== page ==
|One-and-a-third centuries of Bridgeport drinking now complete|
YET LET’S BE honest. There were elements of that place near 37th and Halsted streets that weren’t exactly the most welcoming aspects of Chicago. It wouldn’t shock me if a great number of Chicagoans had never been there and probably wouldn’t have given much thought to setting foot in a place that viewed itself principally as existing to serve the people of Bridgeport.
The pea soup, meatloaf and Prime Rib on weekends? I never experienced them.
Personally, I only visited the place once. It was back in 1999 and several of my work colleagues and I wound up going together to a ballgame – at then-New Comiskey Park to see the White Sox take on the visiting Chicago Cubs.
It’s actually the only time I ever have gone to see a Sox/Cubs game (too many knuckleheads feel compelled to show up, which is why I usually catch those games on television or by reading a box score). Afterward, the batch of us decided to try to hit an area bar for a quick drink.
WHICH IS HOW we wound up walking over from Shields Avenue to Halsted Street and spent a bit of time at Schaller’s Pump. Bridgeport ain’t like Wrigley Field with the Cubby Bear Lounge located across the street,
The place was (I recall) in a good mood, largely because the White Sox that particular night had come from behind to beat the Cubs.
Our group took up a separate table and was pretty much watched quietly by people who wondered if we’d cause trouble because it was pretty obvious we weren’t Bridgeport native.
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I do recall one guy asking me “what the story was” about our group, which had several younger obviously-suburban women and also some of the non-white types that a certain element of Bridgeport had long feared coming into their neighborhood.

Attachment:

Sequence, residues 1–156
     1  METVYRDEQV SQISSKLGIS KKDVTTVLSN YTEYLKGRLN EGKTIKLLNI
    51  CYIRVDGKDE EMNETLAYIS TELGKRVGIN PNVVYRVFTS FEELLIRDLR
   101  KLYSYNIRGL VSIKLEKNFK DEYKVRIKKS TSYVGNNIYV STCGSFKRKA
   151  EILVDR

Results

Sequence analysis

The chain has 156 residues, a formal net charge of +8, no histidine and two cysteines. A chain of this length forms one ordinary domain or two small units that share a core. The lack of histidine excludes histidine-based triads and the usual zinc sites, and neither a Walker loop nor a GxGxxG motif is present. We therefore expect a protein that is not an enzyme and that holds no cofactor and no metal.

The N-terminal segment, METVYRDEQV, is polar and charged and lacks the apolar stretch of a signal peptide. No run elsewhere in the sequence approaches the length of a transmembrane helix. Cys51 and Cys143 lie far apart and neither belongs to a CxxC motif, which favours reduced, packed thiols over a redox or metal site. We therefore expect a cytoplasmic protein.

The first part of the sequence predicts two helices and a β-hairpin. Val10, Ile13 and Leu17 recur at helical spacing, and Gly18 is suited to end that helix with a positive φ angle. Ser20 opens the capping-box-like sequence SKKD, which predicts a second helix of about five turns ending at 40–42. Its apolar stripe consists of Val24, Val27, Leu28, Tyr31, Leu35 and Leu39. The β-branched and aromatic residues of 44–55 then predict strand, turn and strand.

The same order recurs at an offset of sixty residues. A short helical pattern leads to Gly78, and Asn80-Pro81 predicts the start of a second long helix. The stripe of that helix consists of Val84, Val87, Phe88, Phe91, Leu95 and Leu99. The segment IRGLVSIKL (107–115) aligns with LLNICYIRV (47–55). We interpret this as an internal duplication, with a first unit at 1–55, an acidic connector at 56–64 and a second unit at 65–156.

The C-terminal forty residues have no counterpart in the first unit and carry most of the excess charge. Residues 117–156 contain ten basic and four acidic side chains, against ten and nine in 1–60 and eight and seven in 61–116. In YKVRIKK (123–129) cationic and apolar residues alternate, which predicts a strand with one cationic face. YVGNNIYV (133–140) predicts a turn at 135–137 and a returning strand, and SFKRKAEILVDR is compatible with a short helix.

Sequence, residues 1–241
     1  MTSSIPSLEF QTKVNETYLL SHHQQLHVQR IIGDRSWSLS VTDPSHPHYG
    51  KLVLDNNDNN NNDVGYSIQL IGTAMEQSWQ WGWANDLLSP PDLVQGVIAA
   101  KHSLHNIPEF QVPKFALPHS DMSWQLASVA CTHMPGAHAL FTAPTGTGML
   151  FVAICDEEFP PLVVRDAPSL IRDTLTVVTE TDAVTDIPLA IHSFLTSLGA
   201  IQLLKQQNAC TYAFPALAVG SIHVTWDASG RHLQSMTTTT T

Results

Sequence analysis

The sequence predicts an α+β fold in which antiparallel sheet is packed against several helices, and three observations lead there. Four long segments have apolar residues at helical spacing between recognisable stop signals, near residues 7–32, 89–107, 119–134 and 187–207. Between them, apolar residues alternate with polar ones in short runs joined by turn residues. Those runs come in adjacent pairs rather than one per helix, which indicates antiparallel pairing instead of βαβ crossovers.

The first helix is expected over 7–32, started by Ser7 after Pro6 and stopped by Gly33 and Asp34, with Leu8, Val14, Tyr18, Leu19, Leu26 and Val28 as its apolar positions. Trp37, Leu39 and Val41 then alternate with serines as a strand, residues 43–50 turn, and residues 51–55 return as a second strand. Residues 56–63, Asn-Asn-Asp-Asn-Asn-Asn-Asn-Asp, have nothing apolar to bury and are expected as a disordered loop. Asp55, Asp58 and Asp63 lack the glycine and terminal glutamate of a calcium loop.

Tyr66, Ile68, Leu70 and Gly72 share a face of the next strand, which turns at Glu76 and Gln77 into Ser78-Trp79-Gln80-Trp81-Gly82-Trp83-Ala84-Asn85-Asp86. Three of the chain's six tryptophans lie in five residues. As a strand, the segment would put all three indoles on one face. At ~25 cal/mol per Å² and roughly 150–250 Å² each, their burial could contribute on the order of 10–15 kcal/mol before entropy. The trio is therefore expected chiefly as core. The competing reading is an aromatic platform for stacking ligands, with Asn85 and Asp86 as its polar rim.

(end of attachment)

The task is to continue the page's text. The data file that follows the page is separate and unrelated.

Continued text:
WHEN TOLD THAT we were a batch of people who worked together, he kind of sighed, rolled his eyes then focused his attention back to his beer.
Like I already said, it helped that the White Sox won, so people were in a good mood. If the Cubs had won, maybe his reaction would have been more harsh.
But people were happy, particularly when the one colleague of mine who had worn a Cubs jersey into Schaller’s Pump was immediately told upon entrance to take it off (he did, and the bar’s staff kept it behind the counter; returning it upon his departure).
There also was the semi-humorous moment; when the bar’s patrons – upon seeing a televised recap of how the Sox beat the Cubs that night wound up bursting out in song. Giving us a genuine take on “South Side Irish,” which one of my work colleagues mocked by referring to it as the “Band Aid jingle.”
A GOOD THING that the Schaller’s crowd didn’t hear that wisecrack. It might have been contemplated as “fightin’ words.”
But no, there wasn’t a fight. In fact, we had our drink there, then moved on. Which probably kept the night from escalating into an incident.
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We of South Chicago and the East Side (and the 10th Ward in general) think of Bridgeport as being “way up North,” which is a thought that I’m sure would grossly offend the 11th Ward locals who now won’t have Schaller’s to hang out at to console themselves.